August 29, 2001
School and Daycare
Question from Killen, Alabama, USA:
I have two children (ages 12 and 16) with diabetes, and the county nurse (there is no school nurse) called me about their school plan. She told me that they will not give a glucagon injection to a child. This is not right -- It is in their 504 plan. Do they have to inject glucagon if they find my sons unconscious?
Glucagon injections has been an issue in many schools and is very complicated since it is impacted by a variety of state statutes. A case in Virginia illustrates the problem very well:
Loudoun County, Virginia Case Study — Problem
In August 1999, Loudoun county public schools (“LCPS”) adopt a policy prohibiting staff members, except for a registered nurse or physician from administering glucagon.
Only 2 nurses employed to cover 30+ elementary schools.
In the event of a severe hypoglycemic episode, school staff is instructed to call 911 and wait.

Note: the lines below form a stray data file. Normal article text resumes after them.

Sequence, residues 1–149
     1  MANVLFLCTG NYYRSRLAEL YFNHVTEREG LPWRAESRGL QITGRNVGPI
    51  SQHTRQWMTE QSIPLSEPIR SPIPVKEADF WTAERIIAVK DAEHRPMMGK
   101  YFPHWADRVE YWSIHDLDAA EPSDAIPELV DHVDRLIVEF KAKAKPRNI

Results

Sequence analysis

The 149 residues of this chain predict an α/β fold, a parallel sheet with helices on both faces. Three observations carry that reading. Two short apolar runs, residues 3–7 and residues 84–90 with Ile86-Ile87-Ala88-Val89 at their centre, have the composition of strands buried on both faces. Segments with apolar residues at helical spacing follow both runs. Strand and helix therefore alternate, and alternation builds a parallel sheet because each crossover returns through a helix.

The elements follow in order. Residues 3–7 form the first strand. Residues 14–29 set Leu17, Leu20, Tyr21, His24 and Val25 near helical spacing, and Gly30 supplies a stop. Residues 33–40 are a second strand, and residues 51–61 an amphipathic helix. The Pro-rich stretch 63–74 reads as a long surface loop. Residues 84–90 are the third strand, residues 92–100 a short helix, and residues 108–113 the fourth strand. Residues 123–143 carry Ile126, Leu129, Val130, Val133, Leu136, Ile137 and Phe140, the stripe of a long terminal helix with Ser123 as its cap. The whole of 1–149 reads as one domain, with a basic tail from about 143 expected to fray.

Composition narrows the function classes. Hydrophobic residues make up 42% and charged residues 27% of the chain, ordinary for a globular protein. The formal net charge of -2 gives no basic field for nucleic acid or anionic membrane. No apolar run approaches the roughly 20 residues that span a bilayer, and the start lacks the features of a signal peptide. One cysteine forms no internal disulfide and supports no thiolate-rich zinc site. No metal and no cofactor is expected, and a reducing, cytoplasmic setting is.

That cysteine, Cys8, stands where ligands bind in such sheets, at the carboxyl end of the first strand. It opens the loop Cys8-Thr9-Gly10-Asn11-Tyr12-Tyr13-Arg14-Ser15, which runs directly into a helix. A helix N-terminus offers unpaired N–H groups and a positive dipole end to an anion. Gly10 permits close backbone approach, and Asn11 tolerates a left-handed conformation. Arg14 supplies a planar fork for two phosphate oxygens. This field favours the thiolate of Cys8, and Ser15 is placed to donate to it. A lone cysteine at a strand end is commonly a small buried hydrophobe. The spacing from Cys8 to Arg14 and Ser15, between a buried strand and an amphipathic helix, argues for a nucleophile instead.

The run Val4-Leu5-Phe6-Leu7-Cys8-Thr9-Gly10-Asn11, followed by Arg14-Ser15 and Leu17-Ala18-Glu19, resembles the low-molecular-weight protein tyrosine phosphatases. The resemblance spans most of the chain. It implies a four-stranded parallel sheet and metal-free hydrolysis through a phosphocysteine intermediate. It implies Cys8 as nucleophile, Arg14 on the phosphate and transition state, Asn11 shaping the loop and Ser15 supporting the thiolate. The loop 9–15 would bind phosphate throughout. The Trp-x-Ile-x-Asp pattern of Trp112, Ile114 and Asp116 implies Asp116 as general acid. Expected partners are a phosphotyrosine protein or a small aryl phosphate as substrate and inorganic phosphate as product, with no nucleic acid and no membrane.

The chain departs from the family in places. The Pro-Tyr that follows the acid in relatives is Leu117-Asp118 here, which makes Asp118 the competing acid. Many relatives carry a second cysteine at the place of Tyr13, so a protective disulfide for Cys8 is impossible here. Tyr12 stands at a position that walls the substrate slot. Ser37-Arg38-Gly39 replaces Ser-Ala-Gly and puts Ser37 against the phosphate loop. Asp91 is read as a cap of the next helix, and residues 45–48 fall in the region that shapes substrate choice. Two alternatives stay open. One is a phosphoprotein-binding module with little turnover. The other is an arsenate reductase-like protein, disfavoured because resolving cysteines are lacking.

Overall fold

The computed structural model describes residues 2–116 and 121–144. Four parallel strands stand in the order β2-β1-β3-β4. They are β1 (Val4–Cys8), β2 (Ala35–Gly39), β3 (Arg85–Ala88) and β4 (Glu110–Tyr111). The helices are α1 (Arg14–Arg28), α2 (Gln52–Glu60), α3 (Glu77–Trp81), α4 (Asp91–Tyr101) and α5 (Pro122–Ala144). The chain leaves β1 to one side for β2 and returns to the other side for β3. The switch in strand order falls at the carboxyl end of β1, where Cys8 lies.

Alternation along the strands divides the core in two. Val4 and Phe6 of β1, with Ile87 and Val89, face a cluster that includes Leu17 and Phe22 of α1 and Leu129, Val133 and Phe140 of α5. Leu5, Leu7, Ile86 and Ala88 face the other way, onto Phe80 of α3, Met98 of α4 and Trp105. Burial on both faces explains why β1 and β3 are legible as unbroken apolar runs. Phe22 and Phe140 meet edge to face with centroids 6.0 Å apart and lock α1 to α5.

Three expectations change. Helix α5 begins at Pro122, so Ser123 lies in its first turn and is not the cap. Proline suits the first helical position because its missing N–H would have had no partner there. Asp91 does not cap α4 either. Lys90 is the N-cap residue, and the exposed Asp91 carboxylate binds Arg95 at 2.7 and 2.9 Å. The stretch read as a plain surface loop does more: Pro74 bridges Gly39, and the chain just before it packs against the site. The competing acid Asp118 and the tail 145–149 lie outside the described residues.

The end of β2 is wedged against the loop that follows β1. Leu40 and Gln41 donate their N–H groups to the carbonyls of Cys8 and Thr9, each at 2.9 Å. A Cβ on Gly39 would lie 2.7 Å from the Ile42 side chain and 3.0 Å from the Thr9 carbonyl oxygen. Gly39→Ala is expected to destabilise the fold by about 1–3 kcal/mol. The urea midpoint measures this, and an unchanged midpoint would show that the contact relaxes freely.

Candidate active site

Actions To Change LCPS Glucagon Policy
Parents and ADA engage is extensive efforts and negotiation to educate school board and administrators about diabetes and the safety and necessity of glucagon.
Letter from Congressman Frank Wolf to LCPS urging policy change.
Letters to editor and newspaper articles
LCPS continues to prohibit glucagon based upon its attorney’s interpretation of the Virginia Drug Control Act
State senator introduces diabetes school care bill to VA General Assembly and passes General Assembly with only 2 opposing votes
Parents file complaint with U.S. Department of Education/Office of Civil Rights that results in an all encompassing settlement agreement impacting schools nationwide
LCPS/OCR Agreement — Commitment To Resolve
Requires schools to train a minimum number of staff members in diabetes care and treatment
Trained staff member must be available on-site at all times, including bus transportation, field trips and school sponsored extracurricular activities
Requires LCPS to develop and implement health care for every LCPS student with diabetes
OCR monitoring of LCPS’s compliance with agreement
(from Crystal Jackson, American Diabetes Association advocate)
As you can see, this district went to a great deal of effort and finally got things changed. It did take a lot of time, persistence, legal help, and patience. I would continue to pursue getting things changed in your sons’ school, but, in the meantime, come up with a plan that the school can live with and will insure your sons’ safety.